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Hard to explain without math

  1. Nov 27, 2004 #1
    What things in physics have you found very hard to explain well without using math? I think it would be great to get a good list of those things here. Then maybe someone (or I) could hold a contest on explaining those things without math, judged by people who know the theory and people who don't.
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  3. Nov 28, 2004 #2
    Nice idea.

    At the moment, I can't think of anything in classical physics that is difficult to explain without math, but anything to do with quantum mechanics is very tricky to explain without using mathematical concepts.
  4. Nov 28, 2004 #3


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    Interesting - I can't think of anything in classical physics that can be explained without math.

    Explain how to find gravitational force of an object.
    Explain how to find escape velocity.
    Explain what an "orbit" is.

    This will be a very useful exercise though...
  5. Nov 28, 2004 #4


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    Oh, really, Ceptimus?
    To take one simple example, how would you explain the rotational instability in layman's terms known as Eulerian wobble without starting to speak of principal axes and the respective moments of inertia about them?
    (Of course, a simple demonstration will suffice to justify what you're saying, but that's quite different..)

    The intricacies of turbulent flow and multiple phase flow are also rather complex.
  6. Nov 28, 2004 #5


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    Just the example I would have picked.
  7. Nov 28, 2004 #6
    Why couldn't you speak a principle axes or of respective moments of inertia about them in a non-mathematical way? Those concepts aren't mathematical in and of themselves. It's only when you bring in the specific quantitative relationships (i.e. formulae) that things start to get mathematical.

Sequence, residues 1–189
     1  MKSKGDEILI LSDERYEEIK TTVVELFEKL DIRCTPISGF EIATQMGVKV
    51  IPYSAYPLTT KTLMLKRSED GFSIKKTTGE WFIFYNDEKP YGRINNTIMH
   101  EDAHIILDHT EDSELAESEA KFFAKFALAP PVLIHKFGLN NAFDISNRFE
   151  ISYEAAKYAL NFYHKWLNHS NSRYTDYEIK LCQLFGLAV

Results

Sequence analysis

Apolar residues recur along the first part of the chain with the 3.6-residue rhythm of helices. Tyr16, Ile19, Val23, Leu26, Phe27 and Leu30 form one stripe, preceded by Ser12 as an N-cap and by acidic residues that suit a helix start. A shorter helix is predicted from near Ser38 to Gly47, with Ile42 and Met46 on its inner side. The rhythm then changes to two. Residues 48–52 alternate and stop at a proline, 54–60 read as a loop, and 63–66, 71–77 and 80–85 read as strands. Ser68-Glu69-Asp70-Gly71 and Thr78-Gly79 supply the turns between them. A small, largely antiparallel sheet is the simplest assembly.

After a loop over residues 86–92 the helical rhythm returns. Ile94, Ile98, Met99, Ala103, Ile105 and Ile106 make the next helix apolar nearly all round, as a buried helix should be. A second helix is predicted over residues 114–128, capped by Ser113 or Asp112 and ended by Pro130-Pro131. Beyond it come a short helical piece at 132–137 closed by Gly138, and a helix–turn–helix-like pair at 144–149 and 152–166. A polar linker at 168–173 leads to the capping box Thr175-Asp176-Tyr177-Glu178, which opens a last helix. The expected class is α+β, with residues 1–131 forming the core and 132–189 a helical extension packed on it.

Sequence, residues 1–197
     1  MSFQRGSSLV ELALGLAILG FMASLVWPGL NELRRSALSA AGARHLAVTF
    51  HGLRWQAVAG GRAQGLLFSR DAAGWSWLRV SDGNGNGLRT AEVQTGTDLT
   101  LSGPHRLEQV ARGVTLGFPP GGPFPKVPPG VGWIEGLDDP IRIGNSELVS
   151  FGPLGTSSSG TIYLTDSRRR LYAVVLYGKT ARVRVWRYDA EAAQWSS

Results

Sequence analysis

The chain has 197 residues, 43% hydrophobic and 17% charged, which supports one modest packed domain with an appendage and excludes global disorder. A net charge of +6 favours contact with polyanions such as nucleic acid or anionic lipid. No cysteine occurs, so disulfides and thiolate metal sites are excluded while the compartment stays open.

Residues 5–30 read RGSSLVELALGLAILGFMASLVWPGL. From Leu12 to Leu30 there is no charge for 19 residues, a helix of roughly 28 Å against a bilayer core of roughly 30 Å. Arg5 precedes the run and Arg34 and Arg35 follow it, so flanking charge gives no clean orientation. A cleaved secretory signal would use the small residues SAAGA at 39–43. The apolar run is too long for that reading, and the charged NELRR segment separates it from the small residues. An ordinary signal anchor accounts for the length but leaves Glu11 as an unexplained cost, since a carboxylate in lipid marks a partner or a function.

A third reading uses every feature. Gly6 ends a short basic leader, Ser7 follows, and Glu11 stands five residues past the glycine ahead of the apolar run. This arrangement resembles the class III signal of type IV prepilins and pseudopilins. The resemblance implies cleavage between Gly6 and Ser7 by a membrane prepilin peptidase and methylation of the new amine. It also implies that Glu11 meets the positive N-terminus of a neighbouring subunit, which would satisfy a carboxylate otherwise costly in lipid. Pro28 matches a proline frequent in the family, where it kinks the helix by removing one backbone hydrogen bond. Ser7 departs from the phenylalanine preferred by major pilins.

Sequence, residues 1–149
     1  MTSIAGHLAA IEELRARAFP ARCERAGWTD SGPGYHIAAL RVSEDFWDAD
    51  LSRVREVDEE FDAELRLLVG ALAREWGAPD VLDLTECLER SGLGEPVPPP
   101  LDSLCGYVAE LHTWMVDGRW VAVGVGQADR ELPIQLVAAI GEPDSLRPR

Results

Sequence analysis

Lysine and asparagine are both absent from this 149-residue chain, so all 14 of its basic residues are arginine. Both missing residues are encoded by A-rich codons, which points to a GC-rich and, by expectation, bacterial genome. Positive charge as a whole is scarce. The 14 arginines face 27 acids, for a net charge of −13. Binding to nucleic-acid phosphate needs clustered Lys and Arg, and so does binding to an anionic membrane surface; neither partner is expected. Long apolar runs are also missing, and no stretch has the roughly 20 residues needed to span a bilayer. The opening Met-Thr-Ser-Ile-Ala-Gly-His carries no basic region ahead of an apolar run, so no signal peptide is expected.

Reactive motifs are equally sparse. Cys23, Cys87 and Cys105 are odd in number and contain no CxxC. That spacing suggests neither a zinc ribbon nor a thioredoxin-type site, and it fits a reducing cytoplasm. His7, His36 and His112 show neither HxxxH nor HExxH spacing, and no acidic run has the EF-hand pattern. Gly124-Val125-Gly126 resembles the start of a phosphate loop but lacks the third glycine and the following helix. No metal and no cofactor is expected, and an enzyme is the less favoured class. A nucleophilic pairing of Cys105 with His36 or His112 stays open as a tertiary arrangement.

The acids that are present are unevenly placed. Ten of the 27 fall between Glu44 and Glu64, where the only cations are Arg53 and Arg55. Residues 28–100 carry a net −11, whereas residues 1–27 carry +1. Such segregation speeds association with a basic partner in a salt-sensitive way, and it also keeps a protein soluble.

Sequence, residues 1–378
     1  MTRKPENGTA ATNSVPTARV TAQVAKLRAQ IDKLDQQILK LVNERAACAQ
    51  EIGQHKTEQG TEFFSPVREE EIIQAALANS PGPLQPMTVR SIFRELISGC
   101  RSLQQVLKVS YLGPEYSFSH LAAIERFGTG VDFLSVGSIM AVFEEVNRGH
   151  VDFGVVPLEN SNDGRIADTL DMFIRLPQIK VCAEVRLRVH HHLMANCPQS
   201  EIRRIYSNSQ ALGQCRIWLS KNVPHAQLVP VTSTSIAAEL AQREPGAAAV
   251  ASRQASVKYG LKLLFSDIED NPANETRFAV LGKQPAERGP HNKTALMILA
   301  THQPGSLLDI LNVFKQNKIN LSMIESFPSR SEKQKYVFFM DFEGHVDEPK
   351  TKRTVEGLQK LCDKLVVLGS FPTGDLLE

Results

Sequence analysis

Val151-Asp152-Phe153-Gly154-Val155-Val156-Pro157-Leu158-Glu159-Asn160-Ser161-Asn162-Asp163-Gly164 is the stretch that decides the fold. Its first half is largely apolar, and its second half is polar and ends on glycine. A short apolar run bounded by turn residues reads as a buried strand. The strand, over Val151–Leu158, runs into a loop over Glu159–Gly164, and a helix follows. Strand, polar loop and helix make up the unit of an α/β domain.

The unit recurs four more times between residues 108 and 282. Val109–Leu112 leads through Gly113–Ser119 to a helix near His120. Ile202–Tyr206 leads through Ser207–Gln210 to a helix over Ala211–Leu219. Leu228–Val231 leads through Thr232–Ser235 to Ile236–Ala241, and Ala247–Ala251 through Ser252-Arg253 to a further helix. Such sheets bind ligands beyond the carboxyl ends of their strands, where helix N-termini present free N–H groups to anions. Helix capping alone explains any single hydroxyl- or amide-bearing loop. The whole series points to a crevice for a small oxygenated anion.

8. Nov 28, 2004 #7


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    How would you explain (non-mathematically) why, in a cuboidal object you can sustain stable oscillations about the longest and shortest principal axes but not about the other ?
  9. Nov 28, 2004 #8


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    Well then do it - start simply with explaining what an "axis" is without saying anything that sounds like geometry (catch: the word "axis" implies geometry....so good luck).

    Then try to explain "moment of inertia" (or just inertia) without any math.

    See, the problem is that any description, even if it contains no numbers, is a description of the math.

    eg: inertia is resistance to acceleration. What's acceleration? Acceleration is change in speed with time. Guess what - that's a derivative and an equation! Oops, I just used calculus and algebra - and that's with a very un-descriptive explanation of inertia (it can't be used for anything without saying what the actual relationship is).
    Last edited: Nov 28, 2004
  10. Nov 28, 2004 #9
    I don't know how to explain it non-mathematically because I don't even know the mathematical explanation. :biggrin:

    However, for me, to explain something in a non-mathematical way simply means to reduce the mathematical statements into their English translation.

    While it may take quite a bit more to explain it that way (after all mathematics is indeed a short-hand language) I see no reason why it can't be explain in normal language. I would accept that referring intuitively to geometric figures and specific axes isn't necessarily stating things in terms of mathematics.